Good evening. I am happy to be with you.
I thank the UN Convention to Combat Desertification, Future Forest, the Korea Foundation and the World Federation of United Nations Associations for supporting this exhibition.
To achieve sustainable development we must, indeed, “Save the Earth”.
And to do that, we must address the causes and consequences of drought, desertification and land degradation.
These environmental ills force people to migrate from marginal land.
They stand in the way of our efforts to eradicate poverty and our promise to leave no one behind.
Today, nearly 800 million people are chronically undernourished because of land degradation, declining soil fertility, unsustainable water use and drought.
More than half of agricultural land is moderately or severely degraded.
As populations grow, we will need more land and more productivity – not less.
And as we work to feed the world, we must do so in a way that is climate-resilient and environmentally friendly.
Sustainable Development Goal 15 aims to protect, restore and promote the sustainable use of terrestrial ecosystems.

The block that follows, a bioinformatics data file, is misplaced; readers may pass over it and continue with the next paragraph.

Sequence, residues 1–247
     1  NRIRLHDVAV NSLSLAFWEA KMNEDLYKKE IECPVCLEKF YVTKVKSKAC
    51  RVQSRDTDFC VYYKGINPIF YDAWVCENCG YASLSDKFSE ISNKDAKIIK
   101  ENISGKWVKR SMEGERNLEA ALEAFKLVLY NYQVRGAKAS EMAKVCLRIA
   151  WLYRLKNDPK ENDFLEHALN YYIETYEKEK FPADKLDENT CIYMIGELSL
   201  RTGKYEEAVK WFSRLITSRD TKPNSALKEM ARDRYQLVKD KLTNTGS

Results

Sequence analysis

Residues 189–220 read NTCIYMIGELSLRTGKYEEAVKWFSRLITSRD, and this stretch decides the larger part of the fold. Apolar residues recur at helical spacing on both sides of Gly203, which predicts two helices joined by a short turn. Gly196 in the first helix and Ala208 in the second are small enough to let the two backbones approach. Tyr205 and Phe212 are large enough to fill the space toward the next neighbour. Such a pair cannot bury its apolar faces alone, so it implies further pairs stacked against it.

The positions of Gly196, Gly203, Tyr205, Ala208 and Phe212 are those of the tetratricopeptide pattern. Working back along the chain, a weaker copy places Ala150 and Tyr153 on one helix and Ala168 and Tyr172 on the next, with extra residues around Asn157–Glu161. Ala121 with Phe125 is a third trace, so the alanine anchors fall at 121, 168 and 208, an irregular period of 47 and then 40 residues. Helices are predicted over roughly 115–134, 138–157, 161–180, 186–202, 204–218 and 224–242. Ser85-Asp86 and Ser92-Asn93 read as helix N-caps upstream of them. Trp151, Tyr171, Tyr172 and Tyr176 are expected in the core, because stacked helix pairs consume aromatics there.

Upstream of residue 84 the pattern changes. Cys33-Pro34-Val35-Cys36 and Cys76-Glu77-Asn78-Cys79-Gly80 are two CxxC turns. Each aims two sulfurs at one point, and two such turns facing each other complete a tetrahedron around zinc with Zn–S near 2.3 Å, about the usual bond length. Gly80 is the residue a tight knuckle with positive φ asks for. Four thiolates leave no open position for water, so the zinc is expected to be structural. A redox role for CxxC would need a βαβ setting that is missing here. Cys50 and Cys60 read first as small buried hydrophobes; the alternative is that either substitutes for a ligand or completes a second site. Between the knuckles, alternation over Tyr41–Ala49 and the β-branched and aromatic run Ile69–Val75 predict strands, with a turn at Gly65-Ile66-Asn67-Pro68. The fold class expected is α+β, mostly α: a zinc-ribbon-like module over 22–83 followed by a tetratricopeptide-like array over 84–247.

That means we must sustainably manage forests, combat desertification, reverse land degradation and end the loss biodiversity around the world.
More than 100 countries have already agreed to set voluntary targets to end land degradation.
And, around the world, countries have begun to integrate the Sustainable Development Goals and targets into their development plans, budgets and legislation.
This is a good start.
But we have no time to waste.
The 2030 Agenda for Sustainable Development is a roadmap for a future of peace, dignity and prosperity for all.
But that vision depends on maintaining a healthy planet.
As today’s exhibit emphasizes, we all have a role to play – governments, businesses, scientists and citizens everywhere.
Together, we share one planet and one common future.
Let us nurture the land for the benefit of all.